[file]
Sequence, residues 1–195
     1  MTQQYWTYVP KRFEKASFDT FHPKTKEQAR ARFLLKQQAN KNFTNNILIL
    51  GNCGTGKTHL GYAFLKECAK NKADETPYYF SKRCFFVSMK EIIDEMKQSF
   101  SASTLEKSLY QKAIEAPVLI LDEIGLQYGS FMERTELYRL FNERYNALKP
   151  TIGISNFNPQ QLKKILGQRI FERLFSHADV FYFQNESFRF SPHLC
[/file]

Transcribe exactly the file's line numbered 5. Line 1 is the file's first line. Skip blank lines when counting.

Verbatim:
   151  TIGISNFNPQ QLKKILGQRI FERLFSHADV FYFQNESFRF SPHLC